Cash-conscious fleets are often loathe to spend extra money on extra options. Their units are seen as workhorses; the no-frills machines to focus on specific tasks. But there are still plenty of bells and whistles available in the fleet spec’ version of Volvo’s new VNR 400.
“With a regional haul truck and their drivers, how we look at it is a common workday tractor,” says Chris Stadler, product marketing manager – regional haul. “They have different needs than their long-haul counterparts … They need good visibility when they’re -operating in these conditions; they need good maneuverability.”
Volvo expects regional tractors to play an ever-increasing role in market shares, and the VNR can be spec’d for a wide range of applications, from bulk haulers to tankers, city deliveries, Less-than-Truckload operations, pickup and delivery applications, and construction work.
Regional haulers are not all limited to daily runs, though, and that’s why the VNR comes in three different models – including the VNR 300 day cab, VNR 400 with a flat-roof sleeper, and VNR 640 premium mid-roof sleeper.
One of the most striking features of all models is clearly the visibility of the surrounding road. Built with tight urban spaces in mind, the corners of the hood have been tucked in about four inches when compared to the Volvo VNM that came before it, offering an almost-cabover-like view, and the tight turns are supported with a 50-degree wheel cut. The West Coast mirror can be supplemented by bumper-mounted mirrors – both of which can be heated – while a downview mirror above the passenger door will offer a view of curbs or adjacent lanes.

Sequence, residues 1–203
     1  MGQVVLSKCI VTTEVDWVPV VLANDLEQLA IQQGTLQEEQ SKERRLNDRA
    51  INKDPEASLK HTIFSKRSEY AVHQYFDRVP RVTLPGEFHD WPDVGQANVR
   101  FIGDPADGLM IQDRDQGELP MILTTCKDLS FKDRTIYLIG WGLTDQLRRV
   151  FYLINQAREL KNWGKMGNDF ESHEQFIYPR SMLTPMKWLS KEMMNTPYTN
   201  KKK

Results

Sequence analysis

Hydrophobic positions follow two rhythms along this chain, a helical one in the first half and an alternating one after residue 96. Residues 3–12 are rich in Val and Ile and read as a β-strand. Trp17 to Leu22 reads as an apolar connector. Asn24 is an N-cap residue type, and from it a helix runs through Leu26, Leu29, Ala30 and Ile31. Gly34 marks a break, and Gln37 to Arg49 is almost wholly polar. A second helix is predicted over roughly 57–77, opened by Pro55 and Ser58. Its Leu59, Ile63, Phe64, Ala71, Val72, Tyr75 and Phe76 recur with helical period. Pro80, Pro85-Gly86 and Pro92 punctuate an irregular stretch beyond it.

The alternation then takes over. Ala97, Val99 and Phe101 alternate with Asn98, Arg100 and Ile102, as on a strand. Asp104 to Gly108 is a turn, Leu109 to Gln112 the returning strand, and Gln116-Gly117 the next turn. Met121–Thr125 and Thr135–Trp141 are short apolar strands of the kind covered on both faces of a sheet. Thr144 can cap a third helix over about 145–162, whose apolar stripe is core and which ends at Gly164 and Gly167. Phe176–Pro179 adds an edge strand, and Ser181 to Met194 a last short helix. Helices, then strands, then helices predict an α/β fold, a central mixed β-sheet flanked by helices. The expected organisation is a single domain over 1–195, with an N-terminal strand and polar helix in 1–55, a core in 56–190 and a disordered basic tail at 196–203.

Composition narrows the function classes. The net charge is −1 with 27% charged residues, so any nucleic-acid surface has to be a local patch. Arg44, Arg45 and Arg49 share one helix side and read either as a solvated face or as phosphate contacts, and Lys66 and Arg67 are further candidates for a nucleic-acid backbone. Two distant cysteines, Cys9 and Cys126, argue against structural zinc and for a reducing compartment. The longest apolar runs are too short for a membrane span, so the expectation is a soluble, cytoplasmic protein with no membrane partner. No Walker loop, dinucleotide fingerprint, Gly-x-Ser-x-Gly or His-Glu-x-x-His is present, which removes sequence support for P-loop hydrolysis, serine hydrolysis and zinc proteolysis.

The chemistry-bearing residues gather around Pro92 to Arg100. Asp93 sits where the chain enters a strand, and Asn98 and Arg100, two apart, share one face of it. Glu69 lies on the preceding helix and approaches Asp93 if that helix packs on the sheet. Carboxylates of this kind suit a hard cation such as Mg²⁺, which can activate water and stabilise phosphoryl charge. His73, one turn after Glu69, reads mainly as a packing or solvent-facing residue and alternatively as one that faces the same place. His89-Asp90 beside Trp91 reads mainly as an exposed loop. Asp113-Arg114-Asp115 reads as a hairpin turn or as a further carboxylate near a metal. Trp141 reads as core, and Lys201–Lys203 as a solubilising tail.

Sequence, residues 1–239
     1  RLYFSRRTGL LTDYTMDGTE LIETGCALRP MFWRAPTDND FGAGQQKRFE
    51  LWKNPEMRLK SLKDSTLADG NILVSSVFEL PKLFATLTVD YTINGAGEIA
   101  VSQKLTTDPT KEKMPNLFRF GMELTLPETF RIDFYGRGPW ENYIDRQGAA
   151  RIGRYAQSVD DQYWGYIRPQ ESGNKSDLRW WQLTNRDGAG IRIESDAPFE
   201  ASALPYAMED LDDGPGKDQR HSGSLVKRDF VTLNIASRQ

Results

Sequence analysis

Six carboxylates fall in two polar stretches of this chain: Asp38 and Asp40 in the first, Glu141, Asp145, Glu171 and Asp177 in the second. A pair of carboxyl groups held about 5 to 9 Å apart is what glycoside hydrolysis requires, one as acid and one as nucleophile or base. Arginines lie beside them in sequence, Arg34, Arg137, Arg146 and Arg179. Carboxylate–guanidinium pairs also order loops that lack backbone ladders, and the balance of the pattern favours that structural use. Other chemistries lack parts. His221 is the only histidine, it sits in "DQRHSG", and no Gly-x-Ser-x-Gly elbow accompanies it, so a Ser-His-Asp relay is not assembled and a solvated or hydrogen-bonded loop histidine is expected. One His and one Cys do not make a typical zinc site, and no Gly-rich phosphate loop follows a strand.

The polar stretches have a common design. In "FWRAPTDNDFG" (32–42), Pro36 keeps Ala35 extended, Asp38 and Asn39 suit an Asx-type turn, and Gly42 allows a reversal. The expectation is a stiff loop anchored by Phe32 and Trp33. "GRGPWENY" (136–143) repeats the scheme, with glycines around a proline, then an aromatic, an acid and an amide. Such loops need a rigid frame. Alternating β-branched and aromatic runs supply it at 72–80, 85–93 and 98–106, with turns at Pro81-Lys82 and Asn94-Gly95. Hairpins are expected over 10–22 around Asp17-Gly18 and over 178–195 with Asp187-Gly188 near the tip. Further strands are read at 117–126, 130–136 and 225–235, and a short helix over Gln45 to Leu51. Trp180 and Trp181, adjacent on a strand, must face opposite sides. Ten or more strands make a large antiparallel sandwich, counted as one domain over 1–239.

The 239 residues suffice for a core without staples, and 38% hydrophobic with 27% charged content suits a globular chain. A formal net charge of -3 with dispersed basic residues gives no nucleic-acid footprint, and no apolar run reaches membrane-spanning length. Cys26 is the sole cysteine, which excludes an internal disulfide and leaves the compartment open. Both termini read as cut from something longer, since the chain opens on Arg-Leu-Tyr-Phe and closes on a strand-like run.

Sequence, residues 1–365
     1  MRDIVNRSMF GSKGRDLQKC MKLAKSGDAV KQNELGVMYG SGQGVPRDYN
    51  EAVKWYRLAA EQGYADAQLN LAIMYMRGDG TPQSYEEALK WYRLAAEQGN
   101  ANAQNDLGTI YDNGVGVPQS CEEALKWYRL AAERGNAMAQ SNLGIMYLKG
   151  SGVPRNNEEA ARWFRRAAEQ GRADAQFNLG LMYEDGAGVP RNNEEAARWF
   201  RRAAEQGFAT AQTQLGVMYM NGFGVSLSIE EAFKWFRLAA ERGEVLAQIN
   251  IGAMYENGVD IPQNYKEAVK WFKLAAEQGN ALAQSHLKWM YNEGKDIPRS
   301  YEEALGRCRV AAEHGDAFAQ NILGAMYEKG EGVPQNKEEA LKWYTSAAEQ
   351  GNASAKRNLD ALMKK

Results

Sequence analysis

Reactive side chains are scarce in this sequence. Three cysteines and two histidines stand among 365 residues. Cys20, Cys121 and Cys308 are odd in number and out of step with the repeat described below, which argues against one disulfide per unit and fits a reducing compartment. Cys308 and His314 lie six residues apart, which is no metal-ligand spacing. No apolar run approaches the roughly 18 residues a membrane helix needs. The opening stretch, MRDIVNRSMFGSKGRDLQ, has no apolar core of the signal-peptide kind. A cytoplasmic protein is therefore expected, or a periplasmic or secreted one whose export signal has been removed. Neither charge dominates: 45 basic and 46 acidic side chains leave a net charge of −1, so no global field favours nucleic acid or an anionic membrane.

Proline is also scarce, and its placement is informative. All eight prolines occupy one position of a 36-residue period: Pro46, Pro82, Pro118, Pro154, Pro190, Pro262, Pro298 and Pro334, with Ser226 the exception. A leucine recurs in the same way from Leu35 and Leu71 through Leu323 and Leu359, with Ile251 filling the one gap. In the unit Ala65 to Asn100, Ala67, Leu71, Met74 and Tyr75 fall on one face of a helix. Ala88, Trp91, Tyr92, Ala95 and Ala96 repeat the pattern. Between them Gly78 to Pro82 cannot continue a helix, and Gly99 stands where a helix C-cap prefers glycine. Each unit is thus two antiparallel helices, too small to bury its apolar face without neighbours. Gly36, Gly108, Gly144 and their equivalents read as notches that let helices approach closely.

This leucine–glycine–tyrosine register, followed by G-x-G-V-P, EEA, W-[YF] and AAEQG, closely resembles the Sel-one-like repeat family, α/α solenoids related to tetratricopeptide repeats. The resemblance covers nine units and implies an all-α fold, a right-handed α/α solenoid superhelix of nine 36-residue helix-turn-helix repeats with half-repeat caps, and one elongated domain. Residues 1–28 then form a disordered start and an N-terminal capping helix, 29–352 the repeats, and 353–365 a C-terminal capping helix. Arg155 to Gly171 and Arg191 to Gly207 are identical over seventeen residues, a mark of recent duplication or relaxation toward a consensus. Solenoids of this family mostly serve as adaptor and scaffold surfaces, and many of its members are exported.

The VNR 400 used for our test ride in Winston-Salem, North Carolina offered plenty of comfort inside, featuring many automotive-like upgrades compared to the old VNM that hadn’t seen a significant upgrade since 2002.
And many of the new features are anchored in electronics and related controls.
The new “position-perfect” steering wheel has become the truck’s central command center for these electronics, with 19 buttons overall. Control for the lights, cruise control and phone are on the left side, with a mute button at the ready at the lower right of the cluster. The lower left button on this cluster also offers a quick flash of courtesy lights to thank those who offer added merging space. On the other side of the steering wheel are the controls for a new Driver Information Display. Two buttons at the bottom offer a city horn, and a push at the center of the wheel offers a blast of the air horn. While the display’s three lines can be customized, most of the changes need to be made when the truck is parked, with the exception of options like switching between miles and kilometers when crossing the border.
There are clearly plenty of buttons to choose from, but Allison Athey, a member of the marketing team who previously served as a powertrain engineer, puts it into perspective: “This truck has less buttons on the steering wheel than my car.”
The positioning of the wheel plays its own role in ensuring drivers have a clear view of gauges and the display. Push a pedal right to the floor and the wheel will tilt 35 degrees and make telescopic adjustments. But push the pedal half way and the neck tilts another 20 degrees, which will be particularly helpful for shorter or taller drivers who might otherwise have the wheel obscuring their vision of things like warning lights.